“There’s an app for that.”
Apple’s marketing slogan — meant to illustrate the vast size of its mobile application store — is increasingly accurate in terms of appifying aspects of our everyday lives. The trend is bubbling up in a number of major urban markets where users are happily ordering everything from transportation to cleaning services by tapping buttons on their phones. What’s less clear, however, is when and if all this appifying will ever stop, or whether or not every aspect of our real lives will be fed into the machine.
Don’t get me wrong. Ordering things like cabs and cars, hotel rooms, hair appointments, restaurant reservations and more on the computer you carry makes a lot of sense. These are things urban residents, business travelers, and, basically, the average on-the-go Joe, need to do anyway, so making the exercises more convenient is a natural next step. You see, there was a digital equivalent for this in the pre-app world. It was called placing a phone call, and the method sufficed for most of these things. (That is, if you happened to be somewhere where you couldn’t hail a cab with a wave or your hand.)
But today, there are other areas, also potentially exploitable, also potentially profitable, where apps are of more questionable value.
What prompted this line of thinking was hearing about a couple of the newest “there’s an app for that” apps. One of these is Coaster, which claims to make it easier to order drinks at a bar. Covered here by Ryan, the startup makes a good case for what the current problem is (ordering at bars is a mess, I totally agree there), and how using an app could make the process more efficient. I can see young urbanites eating this one up.
Another app in development is aiming to appify the difficult process of retrieving your car from a valet. You see, you have to stand there and wait. Wouldn’t it be more efficient if the car were ready for you with a push of your button? Plus, valet companies could then use the channel to target you with offers, based on which restaurants, hotels and shops you visited when using their service. It’s a win-win, right?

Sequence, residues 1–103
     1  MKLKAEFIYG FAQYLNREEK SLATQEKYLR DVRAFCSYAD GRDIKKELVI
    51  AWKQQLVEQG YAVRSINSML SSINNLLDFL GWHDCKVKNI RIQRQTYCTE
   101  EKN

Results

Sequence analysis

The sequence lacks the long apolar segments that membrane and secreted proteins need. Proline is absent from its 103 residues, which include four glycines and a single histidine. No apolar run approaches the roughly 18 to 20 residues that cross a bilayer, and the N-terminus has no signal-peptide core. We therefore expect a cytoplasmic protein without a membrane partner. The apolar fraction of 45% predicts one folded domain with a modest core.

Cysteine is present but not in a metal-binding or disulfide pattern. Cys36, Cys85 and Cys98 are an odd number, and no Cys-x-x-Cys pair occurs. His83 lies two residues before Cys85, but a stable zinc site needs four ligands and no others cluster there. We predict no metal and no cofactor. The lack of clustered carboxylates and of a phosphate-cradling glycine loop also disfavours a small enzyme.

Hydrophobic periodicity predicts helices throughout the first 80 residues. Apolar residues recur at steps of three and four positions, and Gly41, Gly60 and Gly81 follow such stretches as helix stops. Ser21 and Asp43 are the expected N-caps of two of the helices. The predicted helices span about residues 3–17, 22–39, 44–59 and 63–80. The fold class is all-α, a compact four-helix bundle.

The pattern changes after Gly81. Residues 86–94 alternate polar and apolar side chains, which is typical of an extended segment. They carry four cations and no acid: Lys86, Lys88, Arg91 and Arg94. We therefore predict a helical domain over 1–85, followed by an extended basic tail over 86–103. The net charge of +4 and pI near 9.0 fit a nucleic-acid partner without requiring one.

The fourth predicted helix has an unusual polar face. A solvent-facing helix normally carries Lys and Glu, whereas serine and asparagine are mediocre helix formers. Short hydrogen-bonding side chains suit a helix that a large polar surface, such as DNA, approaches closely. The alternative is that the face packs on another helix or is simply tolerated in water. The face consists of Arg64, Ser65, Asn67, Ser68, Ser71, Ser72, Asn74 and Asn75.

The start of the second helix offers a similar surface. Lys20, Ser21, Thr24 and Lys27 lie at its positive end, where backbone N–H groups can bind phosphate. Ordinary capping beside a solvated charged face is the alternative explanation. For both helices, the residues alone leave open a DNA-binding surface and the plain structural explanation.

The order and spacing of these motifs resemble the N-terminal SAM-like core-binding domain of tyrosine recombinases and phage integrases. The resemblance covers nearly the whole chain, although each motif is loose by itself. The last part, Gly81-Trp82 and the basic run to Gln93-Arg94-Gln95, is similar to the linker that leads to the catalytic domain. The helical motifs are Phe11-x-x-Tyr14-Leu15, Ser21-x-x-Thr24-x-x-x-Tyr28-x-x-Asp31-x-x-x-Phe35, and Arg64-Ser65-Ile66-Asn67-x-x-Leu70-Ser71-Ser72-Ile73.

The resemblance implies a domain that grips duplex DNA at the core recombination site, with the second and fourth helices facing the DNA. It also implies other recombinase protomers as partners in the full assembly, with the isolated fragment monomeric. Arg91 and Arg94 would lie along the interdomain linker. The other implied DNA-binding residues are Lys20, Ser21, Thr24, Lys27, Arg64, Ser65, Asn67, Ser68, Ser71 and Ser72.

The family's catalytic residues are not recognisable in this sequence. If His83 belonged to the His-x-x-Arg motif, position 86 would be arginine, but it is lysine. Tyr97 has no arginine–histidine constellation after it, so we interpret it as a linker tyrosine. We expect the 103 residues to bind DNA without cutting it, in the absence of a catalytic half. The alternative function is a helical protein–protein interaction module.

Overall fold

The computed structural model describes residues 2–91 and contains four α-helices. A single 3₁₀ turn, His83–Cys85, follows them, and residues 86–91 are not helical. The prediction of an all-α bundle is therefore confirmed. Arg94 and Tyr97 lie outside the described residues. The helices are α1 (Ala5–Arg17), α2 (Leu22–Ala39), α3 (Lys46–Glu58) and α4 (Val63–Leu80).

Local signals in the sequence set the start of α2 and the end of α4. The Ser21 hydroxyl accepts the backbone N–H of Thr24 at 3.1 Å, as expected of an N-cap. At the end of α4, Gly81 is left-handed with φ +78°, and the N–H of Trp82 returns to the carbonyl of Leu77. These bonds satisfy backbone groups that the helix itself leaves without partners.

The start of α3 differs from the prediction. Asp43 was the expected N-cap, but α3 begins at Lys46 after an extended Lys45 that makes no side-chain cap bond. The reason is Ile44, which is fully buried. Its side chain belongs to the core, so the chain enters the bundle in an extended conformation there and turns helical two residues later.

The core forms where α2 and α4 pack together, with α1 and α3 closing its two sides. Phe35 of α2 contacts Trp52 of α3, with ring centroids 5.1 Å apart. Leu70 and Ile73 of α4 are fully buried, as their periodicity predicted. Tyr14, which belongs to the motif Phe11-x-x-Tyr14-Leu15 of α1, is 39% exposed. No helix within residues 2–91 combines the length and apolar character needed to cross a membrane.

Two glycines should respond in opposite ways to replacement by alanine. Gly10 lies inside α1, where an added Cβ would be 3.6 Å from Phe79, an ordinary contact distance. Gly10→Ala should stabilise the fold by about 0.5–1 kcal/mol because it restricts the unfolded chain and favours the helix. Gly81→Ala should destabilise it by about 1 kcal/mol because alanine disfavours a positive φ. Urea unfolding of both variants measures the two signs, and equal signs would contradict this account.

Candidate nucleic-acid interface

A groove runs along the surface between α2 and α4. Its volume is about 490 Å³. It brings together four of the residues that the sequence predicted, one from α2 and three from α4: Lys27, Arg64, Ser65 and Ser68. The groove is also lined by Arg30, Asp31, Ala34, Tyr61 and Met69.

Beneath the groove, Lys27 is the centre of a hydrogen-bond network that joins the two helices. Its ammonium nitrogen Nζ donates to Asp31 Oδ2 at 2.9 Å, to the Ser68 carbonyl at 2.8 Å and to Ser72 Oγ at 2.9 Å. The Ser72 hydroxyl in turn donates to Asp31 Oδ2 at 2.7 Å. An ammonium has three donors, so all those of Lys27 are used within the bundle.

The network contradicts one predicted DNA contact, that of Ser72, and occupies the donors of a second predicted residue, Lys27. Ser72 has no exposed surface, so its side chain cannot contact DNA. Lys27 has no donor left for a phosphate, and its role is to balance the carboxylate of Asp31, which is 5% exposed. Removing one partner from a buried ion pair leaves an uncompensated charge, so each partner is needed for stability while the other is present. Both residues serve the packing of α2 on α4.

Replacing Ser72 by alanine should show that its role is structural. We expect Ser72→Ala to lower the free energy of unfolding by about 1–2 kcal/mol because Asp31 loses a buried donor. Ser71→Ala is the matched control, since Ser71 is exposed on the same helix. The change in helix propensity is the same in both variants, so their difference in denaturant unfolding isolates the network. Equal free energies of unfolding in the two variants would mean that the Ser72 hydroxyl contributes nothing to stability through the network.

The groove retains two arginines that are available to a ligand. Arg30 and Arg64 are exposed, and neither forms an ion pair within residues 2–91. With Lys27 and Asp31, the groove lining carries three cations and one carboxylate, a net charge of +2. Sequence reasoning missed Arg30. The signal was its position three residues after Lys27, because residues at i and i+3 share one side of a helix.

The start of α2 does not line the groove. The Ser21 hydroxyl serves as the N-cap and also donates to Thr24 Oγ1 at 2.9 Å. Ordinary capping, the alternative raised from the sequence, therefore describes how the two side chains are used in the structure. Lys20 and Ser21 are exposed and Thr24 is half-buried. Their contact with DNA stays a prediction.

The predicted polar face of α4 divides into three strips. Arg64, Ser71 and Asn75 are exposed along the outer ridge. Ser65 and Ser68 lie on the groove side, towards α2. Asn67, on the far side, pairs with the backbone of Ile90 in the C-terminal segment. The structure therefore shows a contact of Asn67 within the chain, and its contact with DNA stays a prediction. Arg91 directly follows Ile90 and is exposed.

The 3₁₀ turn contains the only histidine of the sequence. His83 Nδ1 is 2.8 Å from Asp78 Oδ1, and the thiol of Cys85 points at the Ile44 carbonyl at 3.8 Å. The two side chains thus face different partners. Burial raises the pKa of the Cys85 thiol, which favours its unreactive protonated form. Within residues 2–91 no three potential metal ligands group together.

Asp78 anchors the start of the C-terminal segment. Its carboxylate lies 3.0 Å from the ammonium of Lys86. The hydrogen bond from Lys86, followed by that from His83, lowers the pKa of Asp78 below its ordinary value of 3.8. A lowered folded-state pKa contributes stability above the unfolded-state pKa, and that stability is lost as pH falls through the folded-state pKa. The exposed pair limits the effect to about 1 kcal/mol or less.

Now clearly, this is a symptom of my old age, because as much as I love apps (I have 400+ installed on my phone — issues, I tell you, I have issues), some apps turn me off in ways I can’t quite put my finger on. Rationally, I’m sold on their efficiencies. My gut, meanwhile, rebels.
I guess I’m not the only one. Dozens of reader comments on the Coaster post ferociously debated the value of efficiency over…well….the lack of humanity in the solution. Here’s an example:
The primary reason I don’t like this idea is that it renders the bartender as some soulless automaton whose job it is now to answer to your app. I hope none of the bars I visit adopt this, and that all of the people I hate go to bars that adopt this.
The thing is, putting life’s messier functions into software can iron out the kinks. It can reduce wait times, process requests more efficiently and more fairly, and increase revenues and bottom lines, and that’s a good thing, I suppose. But in some cases, it also reduces the need for person-to-person communication, turning people into nothing more than data sources feeding into the app. This is where they lose me. It’s not that I’m not sold on the general “betterness” of their system for X. It’s that I’m not convinced we should be digitizing every aspect of our lives simply because we can, and because there might be money to be made by doing so.